You can't beat a system you can't understand
It's about that time when some thought must be given to the Santa Claus set, and the things they want for Christmas. After all, we are expected to augment Santa's generous nature with a gift or two that will inspire fits of excitement and expressions of joy on the faces of the little ones.
Back in the dark ages when I was a kid, a new checker game, chess set, deck of cards, or backgammon board was pretty much the standard order of the day. Scrabble and Monopoly might have rounded out the inventory in more progressive households. A few years later, the first video oriented games came out on clumsy boxes with wires that plugged into television sets. The first Pac Man and Pong were considered high-tech and stateof the art.
I thought it was time to check out the game and toy situation in the 21st century, just to see what some of my little friends might like to find under their trees. Well... I must say, the words of the great Bob Dylan, "The Times They are A-Changin'," never rang truer than in the world of video toys and gaming.
On standard and portable play stations, players can watch movies, listen to music, download TV programs, connect to the Internet, play games with other players all over the world, and even talk to each other in real time. If you're not familiar with these things, believe me, they are awesome.
A 10-year-old neighbor named Kevin took me on a tour of the video gaming world and I attempted to play a few with him. He introduced me to FPS technology. I bet you think I don't know what that means . . . well, you're right, but I played with it anyway. He said, "It's all about hand and eye coordination." Apparently, a high performance model of this human function was issued to people born after 1995, because I do not have it. We played one car-racing game, and I totally destroyed a brand new Ferrari at the starting line. I have no idea how that happened.
Kevin introduced me to the esoteric language used by gamers. Many of the terms sound like normal words, but their meanings are quite different. I learned about campers, clients, first person shooters, flaming, FOVs, and frags. He taught me the meaning of GJP, 1337 (I am not one of those), llamas (I am sometimes one of those), overclocking, quake levels, and rocket jumps. All of these terms are defined on a need to know basis. I wasn't good enough at any game to need to know, but he told me anyway. I felt privileged.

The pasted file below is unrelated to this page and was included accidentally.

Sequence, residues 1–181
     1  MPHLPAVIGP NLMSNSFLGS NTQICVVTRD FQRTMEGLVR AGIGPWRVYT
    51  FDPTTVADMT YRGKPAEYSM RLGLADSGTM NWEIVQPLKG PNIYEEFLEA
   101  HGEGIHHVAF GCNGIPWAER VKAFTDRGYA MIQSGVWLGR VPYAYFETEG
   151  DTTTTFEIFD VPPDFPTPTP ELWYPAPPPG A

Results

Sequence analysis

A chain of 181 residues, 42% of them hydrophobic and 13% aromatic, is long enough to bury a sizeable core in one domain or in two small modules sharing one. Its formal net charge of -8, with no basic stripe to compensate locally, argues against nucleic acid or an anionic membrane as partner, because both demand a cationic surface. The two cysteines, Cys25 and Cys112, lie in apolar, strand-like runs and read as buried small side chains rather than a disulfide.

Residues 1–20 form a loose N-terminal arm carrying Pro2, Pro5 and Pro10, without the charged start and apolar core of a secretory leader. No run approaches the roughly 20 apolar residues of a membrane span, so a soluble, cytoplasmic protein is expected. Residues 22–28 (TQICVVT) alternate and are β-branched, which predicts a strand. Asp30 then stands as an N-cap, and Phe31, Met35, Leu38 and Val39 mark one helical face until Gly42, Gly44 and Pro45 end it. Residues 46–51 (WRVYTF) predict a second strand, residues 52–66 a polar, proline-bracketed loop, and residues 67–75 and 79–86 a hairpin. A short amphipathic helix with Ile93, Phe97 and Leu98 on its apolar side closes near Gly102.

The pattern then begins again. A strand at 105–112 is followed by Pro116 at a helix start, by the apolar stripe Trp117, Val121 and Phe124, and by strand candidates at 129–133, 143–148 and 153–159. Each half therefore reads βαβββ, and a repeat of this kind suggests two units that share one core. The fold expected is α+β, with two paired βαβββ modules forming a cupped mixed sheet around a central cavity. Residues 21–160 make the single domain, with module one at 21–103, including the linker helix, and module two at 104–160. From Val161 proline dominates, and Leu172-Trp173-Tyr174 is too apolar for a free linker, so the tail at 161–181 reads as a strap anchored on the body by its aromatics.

He also showed me my AGP. I always knew that an AGP was an accelerated graphics port on my motherboard used specifically for a graphics card that can transfer data at 266MBps, 533MBps, or 1.007GBps, compared to the PCI speed of 133MBps. Unfortunately, I have no idea what that means. However, I do know that I have one. It's the little brown slot somewhere near the white PCI slot on the side of my 'puter. Huh? I said that a lot.
Does anybody out there remember those really dumb game books that were filled with puzzles and mazes? You had to draw your way through the maze without hitting the dead ends. There's a new version of this game. It's in 3-D High Definition, and it puts you in the maze, and it is really scary. You move through the jungle-like corridors controlling your direction and speed with a joystick while monsters and other things chase and grab you. It's a wide-awake nightmare. I died so many times that my little mentor felt sorry for me and turned off the game. Then he told me it was for three- to six-year-olds.
Kevin also showed me educational games that taught kids how to play music and understand music theory. Other games improved math and reading skills. I was impressed. Then he looked at me and said, "You don't care about these games for kids. You wanna see the good stuff, right?" I nodded, yes. I had heard about the good stuff but didn't want to appear too eager. "We all want the good stuff. I have some of it, but now a lot of the programs are designed for young adults over eighteen and it's hard to get copies," he said.
The good stuff started with an older program. It was a simulator for an M1A1 Abrams tank. This kid knew how to drive an Abrams tank from a real simulator. He could also fly an F-18 fighter jet. I was speechless. He told me that he read on a gamer blog that some teenagers took the Air Force simulator test for the F-18 and passed with higher grades than some of the academy students, and the teenagers hadn't had one second of real flight time. He said it was because their hand and eye coordination was better than the old guys in the academy. "Huh?" This is frightening. The next generation of fighter pilots could be an average age of 12 years old.
I believe the world of video gaming is definitely part of that system I can't understand.